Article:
Thursday, June 28, 2007
Western States, or how I DNF'd my summer vacation
You're a third of the way the safety runner said as he passed me sitting on a rock. A third of what I asked? A third of the way to the top. His words were meant to be encouraging but it actually just let the remaining air out of my already deflating balloon. I had thought I was at least halfway up this climb to Devil's Thumb. I struggled another 100 yards and collapsed yet again onto another rock, heart pounding as my chest heaved to try and gather enough oxygen to recover enough to climb yet again.
My mind was numb. How could this be happening? I had planned so long. My training had been going great. I was setting course PR's all Spring and I had tapered well. But now my race was done. I just had to drag my exhausted body out of this canyon and make it official. Once again I rose to my feet and inched my way slowly forward. Even through the mental fog and the pain, both physical and emotional I had a glimmer of my sense of humor still alive. I had a mental image of myself as Manuel, the Barcelonan Bellman from Fawlty Towers. He had gone out drinking on his birthday and was having the worst hangover imaginable, crawling on the floor. Basil was trying to get him up but Manuel just lies on the floor and says, "no, I die here."That was me trying to make it to the aid station. I just wanted to lie down on the trail and not have to go another step.
I thought of all of my family and friends that were at home tracking me on the webcast. I tried to draw on their energy but it was too late. I think it hurt letting them down as much as anything because they mean so much to me. I finally made it up after sitting at least 10 times on the way. The volunteers tried to coax me onto the scales but I just slowly walked past them, barely able to keep from falling and collapsed into a chair. And it was over. The medical leader came over and asked what was wrong and why I was dropping with 8 minutes left before the cut-off. I could only answer as truthfully as I could at the time, still gasping. "I have nothing left"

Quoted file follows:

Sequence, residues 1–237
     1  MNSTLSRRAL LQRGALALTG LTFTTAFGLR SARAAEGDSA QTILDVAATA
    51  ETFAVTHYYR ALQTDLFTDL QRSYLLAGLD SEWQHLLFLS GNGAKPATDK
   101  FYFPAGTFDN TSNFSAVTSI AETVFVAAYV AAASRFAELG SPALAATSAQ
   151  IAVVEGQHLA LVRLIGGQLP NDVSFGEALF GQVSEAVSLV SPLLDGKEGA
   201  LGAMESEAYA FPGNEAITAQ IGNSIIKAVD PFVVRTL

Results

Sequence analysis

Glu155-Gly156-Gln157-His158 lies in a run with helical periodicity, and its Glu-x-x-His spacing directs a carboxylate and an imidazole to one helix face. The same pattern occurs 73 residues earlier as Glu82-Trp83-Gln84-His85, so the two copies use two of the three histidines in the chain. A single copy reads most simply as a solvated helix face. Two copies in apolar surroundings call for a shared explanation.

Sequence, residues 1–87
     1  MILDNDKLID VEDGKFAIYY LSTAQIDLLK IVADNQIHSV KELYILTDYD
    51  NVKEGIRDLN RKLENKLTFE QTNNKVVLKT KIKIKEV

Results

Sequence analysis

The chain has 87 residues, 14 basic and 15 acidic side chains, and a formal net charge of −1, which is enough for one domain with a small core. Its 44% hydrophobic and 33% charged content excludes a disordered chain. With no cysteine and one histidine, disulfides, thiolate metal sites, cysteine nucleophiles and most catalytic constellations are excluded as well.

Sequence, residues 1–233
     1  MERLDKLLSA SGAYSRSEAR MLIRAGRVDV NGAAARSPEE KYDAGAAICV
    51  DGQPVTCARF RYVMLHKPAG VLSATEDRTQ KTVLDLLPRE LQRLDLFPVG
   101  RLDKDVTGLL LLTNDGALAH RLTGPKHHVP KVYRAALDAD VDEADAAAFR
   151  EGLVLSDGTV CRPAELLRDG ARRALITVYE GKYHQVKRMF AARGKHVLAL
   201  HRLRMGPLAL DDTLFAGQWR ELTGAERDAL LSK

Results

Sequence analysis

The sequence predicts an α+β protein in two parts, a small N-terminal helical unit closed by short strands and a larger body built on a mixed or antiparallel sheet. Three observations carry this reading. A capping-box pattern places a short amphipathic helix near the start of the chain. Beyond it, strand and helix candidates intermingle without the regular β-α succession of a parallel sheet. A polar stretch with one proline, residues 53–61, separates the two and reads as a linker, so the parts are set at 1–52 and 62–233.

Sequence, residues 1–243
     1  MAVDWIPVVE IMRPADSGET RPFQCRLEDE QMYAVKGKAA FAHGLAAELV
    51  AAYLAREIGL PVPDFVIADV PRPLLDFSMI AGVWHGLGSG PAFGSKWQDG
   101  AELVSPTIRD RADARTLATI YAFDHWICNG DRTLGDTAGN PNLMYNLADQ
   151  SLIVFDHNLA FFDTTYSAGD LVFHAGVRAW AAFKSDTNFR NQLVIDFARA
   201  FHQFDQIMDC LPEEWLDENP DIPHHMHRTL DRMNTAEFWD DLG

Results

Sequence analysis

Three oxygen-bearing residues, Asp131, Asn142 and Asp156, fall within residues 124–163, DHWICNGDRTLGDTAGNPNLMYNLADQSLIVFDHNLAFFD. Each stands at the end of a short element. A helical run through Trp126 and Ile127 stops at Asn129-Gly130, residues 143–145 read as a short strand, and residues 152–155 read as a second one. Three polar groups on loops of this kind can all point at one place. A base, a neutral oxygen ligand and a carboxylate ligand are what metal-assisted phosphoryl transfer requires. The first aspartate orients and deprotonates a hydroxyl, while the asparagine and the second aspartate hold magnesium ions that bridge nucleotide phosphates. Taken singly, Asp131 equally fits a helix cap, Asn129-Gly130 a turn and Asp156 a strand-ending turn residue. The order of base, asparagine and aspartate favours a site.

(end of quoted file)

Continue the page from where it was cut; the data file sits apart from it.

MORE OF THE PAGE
I thought there would be tears as he cut off my wristband but instead I felt a combination of relief and confusion. Relief that I would not have to run another step, but confusion as to why.
It would be a couple of days before I finally figured it out. I had no injuries during the run. I did have a couple of cramps but they were not a factor. The conditions were nearly perfect. I had no nausea although at times I didn't feel like putting anything in my stomach. My weight never was more than a pound off my starting weight so what happened?
Early in the race I was taking in plenty of calories but somewhere between Red Star Ridge and Duncan Canyon I began feeling bad. The altitude, dust and terrain may have something to do with it but I normally have a bad spell about that point in my races so I was not too concerned. I knew I was slowing down as I was being passed by quite a few people. I didn't really pay much attention at the aid station to my time and unfortunately I really didn't eat anything. When I got to Robinson Flat, for the first time I realized my pace had dropped below the 30 hour pace. I was really surprised by this thinking I was probably closer to 27 hour pace at this point. I changed my socks and hurried on my way.
This was the true beginning of my downfall. In my preparations, I had not paid any attention to the 30 hr and absolute cut-offs times and was having a hard time getting a grasp of the situation. From that point on I was running scared and unfortunately not eating and re-grouping as I needed to be doing. I did begin to feel a little better on the run down to Miller's Defeat and Dusty Corners but still not eating and trying to make sense of the split times. And even though I felt I had run better over that stretch by the time I got into Last Chance, I was still losing time on the 30 hour pace. It was here at Last Chance (how prophetic a name) that I finished myself off. Had I realized at the time that the cut-offs would be more liberal after Devil's Thumb, I would have taken the time to eat and recover there before heading down into the canyon. But all I could think of was that I had to make up time so I hurried away and sealed my fate.
To finally add insult to injury, two days after I arrived home I was doing my laundry. I emptied the pockets of my shorts from the race and under the extra pair off socks I was carrying were four gels. My heart sank and I felt a wave of nausea. Why had I not realized they were there as I headed down the canyon? If only I had taken them then I may have had enough energy and blood sugar to the brain to think clearly enough to continue.
So what did I learn? It was a great race and a great experience in spite of the dnf. Next time I will do better because I will understand the cut-off times better and will do a better job of taking care of my self. And in my training I will try to make a few more trips to run in the mountains to prepare for the climbs. And next time during the race I will check my pockets.